About J. Michael Watt

J. Michael Watt, MD Dr. Watt is a board-certified orthopedic surgeon who works with patients dealing with a wide range of orthopedic issues. A practicing surgeon for over 20 years, Dr. Watt specializes in sports injuries, knee and shoulder surgery, as well as anterior hip replacements.

Common Ski and Snowboard Injuries


Shoulder Injuries

If you are a snowboarder or skiing fanatic, you know that injuries come with the territory. If you aren’t careful, you could end up with torn ligaments, sprained muscles, or broken bones.

Statistics tell us that less than 4 injuries happen for every 1,000 days of skiing or snowboarding.

Sometimes these injuries are minor and only will require home care. Other times, they can be serious, requiring you to seek medical help. This guide will help you to understand the most common snowboarding and skiing injuries.

Acromioclavicular Joint Damage

The Acromioclavicular Joint is often called the “AC joint” for short (pronounced ack-roe-my-oh-clah-vick-you-lar). This is basically a separation of the two bones that form this joint where the clavicle (collar bone) attaches to the scapula (shoulder blade). There is a ligament that attaches these two bones known as the AC ligament. The bony process that protrudes forward from the upper scapula is the acromion (pronounced ack-rome-ee-on). When these two main bones are separated, it is often referred to as a shoulder separation injury.

If you injure your AC joint skiing or snowboarding, expect to have pain at the end of your collarbone. This pain will spread throughout the shoulder at first. Eventually, the initial pain will resolve and be followed by pain over the joint itself.

Swelling will occur, too and depending on the severity of the injury, there may be a visible deformity. This will be an obvious bump where the joint has been separated. Pain will worsen with movement of the shoulder, especially when the arm is raised to or above shoulder height.

Doctors will grade AC joint injuries from one to six (1 – 6) using the Rockwood Scale which identifies injuries by amount of damage incurred. This will be based on the space between the acromion and clavicle. Grade one is just a simple sprain of the AC joint, but Grades four, five, and six involve severe conditions, and most always result in shoulder surgery.

What Should the Athlete Do?

  • Immobilize the arm and shoulder with an arm sling.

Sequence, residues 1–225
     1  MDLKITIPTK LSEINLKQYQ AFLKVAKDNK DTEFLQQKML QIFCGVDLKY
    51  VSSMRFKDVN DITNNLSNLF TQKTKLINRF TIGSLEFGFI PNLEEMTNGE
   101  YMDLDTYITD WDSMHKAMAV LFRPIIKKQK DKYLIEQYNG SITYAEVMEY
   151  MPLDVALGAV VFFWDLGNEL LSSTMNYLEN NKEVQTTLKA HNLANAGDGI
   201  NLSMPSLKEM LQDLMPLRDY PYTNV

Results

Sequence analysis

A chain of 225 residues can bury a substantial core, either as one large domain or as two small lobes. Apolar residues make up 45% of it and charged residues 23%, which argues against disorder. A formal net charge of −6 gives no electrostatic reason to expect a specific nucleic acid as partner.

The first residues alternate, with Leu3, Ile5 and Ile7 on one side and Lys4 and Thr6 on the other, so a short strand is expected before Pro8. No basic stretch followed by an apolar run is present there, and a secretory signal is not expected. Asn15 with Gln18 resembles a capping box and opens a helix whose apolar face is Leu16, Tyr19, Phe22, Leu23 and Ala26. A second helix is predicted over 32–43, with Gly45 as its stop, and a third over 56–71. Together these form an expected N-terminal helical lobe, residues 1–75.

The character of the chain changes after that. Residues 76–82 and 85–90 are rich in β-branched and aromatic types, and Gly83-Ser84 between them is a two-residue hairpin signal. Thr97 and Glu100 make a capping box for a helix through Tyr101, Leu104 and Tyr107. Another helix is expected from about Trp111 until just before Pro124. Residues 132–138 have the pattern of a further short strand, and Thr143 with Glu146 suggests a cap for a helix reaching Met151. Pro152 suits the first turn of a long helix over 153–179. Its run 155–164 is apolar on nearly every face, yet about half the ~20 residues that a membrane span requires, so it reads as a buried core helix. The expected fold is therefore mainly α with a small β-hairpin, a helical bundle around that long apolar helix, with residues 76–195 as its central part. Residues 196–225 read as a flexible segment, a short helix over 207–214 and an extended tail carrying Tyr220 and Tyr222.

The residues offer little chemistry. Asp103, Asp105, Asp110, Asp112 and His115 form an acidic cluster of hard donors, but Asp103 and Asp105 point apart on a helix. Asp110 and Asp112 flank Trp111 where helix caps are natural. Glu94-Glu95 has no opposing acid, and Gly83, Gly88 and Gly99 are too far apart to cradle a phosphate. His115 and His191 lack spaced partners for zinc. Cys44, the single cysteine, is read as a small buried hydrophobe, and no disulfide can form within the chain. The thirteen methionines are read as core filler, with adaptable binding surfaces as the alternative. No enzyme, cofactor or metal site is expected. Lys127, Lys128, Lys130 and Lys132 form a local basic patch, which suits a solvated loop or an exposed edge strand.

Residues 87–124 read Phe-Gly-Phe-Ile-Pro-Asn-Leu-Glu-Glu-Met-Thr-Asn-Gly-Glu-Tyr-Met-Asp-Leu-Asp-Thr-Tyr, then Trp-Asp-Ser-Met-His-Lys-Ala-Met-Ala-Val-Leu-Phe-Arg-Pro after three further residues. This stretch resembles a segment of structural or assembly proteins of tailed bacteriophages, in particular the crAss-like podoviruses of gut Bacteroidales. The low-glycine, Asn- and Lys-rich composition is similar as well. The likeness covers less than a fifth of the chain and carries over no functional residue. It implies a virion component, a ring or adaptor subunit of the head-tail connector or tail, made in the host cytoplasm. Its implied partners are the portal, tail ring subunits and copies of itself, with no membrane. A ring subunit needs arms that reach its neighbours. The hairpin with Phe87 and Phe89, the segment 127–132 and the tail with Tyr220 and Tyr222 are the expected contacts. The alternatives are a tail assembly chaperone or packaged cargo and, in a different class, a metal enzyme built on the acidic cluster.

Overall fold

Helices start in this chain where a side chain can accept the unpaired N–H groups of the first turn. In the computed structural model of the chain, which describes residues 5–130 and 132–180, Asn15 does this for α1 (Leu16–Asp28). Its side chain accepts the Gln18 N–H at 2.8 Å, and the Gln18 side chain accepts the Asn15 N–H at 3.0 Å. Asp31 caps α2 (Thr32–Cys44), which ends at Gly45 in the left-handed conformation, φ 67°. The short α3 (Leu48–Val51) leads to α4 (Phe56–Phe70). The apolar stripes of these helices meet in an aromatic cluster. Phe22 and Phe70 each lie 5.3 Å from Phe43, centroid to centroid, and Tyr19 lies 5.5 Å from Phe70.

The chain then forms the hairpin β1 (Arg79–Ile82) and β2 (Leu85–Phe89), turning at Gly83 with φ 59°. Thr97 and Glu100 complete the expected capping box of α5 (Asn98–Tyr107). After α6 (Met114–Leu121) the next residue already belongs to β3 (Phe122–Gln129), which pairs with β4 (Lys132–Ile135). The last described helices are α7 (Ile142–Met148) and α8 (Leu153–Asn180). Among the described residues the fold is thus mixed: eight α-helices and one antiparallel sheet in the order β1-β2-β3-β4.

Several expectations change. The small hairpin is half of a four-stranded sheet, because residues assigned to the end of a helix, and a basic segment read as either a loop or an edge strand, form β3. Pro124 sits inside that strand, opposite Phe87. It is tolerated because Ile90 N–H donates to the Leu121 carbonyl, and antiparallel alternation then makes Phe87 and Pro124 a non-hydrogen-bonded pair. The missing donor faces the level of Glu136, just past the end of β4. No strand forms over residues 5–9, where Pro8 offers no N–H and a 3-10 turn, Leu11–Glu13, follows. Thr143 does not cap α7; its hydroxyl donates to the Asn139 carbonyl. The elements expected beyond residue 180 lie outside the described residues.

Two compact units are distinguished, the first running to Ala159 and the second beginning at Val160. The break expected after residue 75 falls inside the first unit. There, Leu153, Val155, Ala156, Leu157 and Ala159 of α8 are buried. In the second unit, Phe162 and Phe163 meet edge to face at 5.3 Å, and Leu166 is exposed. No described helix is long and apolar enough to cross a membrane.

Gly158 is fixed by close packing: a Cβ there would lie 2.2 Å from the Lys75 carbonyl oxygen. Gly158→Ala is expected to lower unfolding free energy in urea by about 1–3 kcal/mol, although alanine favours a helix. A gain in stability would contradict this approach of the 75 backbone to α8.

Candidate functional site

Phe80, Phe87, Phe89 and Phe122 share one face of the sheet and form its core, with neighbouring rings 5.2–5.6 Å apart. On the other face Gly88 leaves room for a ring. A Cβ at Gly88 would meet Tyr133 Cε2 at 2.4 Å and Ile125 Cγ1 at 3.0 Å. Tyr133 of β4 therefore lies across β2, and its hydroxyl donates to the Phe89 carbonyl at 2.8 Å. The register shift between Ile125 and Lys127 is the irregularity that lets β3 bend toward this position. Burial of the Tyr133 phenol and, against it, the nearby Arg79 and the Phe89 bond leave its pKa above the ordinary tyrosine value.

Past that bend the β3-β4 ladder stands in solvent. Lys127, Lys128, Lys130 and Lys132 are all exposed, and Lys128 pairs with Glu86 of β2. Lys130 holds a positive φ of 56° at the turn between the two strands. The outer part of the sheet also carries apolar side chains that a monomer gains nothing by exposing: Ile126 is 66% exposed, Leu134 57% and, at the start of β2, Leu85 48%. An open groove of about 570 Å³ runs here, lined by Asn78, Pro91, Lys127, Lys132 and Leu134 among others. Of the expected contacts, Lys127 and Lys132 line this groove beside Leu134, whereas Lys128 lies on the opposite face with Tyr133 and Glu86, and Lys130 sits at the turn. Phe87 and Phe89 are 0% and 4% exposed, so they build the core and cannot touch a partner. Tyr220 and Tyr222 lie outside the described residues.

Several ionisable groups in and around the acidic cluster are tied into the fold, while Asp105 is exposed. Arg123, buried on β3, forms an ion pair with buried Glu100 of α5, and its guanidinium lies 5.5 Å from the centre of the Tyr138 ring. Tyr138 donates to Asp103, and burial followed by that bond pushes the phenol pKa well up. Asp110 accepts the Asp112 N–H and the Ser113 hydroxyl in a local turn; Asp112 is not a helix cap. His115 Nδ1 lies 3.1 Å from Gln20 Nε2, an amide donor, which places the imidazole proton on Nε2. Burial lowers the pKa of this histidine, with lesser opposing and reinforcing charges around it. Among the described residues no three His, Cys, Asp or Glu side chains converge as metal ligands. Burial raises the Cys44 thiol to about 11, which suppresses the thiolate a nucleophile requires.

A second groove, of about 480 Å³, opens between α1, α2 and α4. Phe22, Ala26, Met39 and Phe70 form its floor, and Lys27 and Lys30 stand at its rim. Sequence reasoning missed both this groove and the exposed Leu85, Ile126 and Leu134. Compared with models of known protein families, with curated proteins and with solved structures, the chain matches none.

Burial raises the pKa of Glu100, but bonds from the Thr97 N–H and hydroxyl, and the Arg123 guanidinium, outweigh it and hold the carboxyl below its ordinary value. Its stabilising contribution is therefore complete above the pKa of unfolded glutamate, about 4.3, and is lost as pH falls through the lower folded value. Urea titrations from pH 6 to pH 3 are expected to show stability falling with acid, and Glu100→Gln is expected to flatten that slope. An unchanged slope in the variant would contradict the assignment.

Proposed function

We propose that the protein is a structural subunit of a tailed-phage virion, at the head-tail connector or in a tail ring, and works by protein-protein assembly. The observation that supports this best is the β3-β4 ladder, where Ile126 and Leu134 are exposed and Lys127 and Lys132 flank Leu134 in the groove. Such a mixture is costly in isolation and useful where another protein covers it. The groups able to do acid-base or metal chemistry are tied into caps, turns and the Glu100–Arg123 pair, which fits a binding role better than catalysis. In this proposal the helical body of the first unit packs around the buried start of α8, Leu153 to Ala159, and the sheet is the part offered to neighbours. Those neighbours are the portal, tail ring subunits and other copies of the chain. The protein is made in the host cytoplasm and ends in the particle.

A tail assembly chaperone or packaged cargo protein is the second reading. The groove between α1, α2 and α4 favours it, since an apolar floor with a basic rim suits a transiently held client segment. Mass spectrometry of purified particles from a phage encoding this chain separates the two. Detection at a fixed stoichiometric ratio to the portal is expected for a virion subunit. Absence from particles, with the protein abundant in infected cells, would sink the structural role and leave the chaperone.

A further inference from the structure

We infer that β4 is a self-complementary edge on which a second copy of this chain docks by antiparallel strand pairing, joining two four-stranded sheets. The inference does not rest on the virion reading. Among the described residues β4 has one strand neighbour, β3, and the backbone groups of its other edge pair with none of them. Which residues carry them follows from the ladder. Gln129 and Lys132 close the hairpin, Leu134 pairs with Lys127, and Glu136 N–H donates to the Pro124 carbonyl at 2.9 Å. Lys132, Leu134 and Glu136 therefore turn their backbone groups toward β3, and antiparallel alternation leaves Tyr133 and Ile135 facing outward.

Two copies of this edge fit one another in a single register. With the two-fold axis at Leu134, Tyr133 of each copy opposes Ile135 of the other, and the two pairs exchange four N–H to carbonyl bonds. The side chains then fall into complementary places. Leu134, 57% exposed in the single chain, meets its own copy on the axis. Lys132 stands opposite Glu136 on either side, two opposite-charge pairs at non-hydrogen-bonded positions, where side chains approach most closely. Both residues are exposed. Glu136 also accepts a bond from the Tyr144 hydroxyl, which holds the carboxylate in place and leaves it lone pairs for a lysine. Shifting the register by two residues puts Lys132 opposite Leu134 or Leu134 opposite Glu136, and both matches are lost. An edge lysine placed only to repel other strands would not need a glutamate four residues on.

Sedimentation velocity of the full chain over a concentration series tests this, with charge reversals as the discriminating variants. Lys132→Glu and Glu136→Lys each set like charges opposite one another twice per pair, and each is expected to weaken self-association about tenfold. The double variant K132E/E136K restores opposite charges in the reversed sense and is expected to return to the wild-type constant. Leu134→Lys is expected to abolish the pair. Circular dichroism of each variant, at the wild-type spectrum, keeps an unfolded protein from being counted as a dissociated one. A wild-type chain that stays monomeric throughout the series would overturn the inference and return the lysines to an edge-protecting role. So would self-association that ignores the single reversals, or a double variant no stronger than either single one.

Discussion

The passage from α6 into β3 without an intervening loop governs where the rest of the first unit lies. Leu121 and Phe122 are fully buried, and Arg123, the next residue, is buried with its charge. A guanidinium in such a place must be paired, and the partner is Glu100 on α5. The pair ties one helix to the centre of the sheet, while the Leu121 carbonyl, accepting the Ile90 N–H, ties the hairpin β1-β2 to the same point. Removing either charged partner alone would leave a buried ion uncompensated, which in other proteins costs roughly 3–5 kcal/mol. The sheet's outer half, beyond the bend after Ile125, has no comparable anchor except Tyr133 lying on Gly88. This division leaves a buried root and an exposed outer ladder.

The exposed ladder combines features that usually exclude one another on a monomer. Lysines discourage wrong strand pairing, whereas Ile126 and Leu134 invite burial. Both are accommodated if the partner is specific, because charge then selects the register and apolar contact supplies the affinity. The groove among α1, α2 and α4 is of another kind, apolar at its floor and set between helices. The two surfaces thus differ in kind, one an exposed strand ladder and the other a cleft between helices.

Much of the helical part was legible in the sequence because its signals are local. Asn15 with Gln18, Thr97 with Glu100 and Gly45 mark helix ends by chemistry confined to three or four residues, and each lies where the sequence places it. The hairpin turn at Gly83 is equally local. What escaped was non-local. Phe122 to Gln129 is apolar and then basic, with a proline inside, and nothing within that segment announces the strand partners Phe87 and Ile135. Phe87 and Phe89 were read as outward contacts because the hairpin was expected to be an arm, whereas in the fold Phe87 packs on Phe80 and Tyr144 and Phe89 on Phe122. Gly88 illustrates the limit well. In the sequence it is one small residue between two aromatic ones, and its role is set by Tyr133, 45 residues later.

• Start R.I.C.E. therapy.
  • Consult an Orthopedic Specialist.

What will the Orthopedic Specialist Do?

  • Use ultrasound or laser treatment.
  • Perform shoulder surgery if necessary.
  • Prescribe a special rehabilitation program to get you back moving.

Fractured Clavicle

The clavicle (or collar bone) is the bone that runs along the front side of the shoulder region and connects near the breast bone (sternum). This is one of the most common broken bones, and it occurs as a result of falling on an outstretched arm. This is one of the most common types of fractures in sporting and outdoor activities.

The bone typically fractures in the middle third region and this type of injury is very painful. Symptoms of a broken clavicle include swelling and discoloration at the site, pain of the area, a deformity that can be seen or felt, and worsening pain when elevating the arm.

What can the Athlete Do?

  • Immobilize the arm and shoulder regions.
  • Do R.I.C.E. therapy.
  • Get to an Orthopedic Specialist for evaluation and treatment.

What will the Orthopedic Specialist Do?

  • Evaluate the extent of the injury by way of X-Ray.
  • Use ultrasound or laser treatment.
  • Do shoulder surgery if the bone is displaced.

The Knee Injuries

Medial Collateral Ligament Trauma

The Medial Collateral Ligament (MCL) is a ligament that connects the inner surface of the thigh bone (femur) to the shin bone (tibia). This ligament allows the knee to resist force that may be applied from the outer surface thus preventing the inner portion of the joint from stretching under stress.

There are two parts to the inner knee ligament, the deep inner section that hooks onto the cartilage meniscus and the joint margins and a superficial band that adheres from higher up on the femur to the tibia.

An injury to the MCL occurs after there is an impact injury to the outside surface of the knee when the knee is in the bent position. The MCL will become stretched and the impact force tears the fibers. The inside portion of this ligament is prone to become injured first and this often leads to the meniscus being damaged as well. Pain in the area may not be noticed immediately after the injury.

These injuries are graded on a one to three (1 – 3) scale. A grade one tear only has less than 10% of the fibers torn. A grade two is greater than 11% but does not necessarily result in a complete tear of the ligament. A grade three is a complete rupture of the ligament, however. With a grade one tear, there may be mild tender knee on the inner aspect of the knee, but typically no swelling occurs.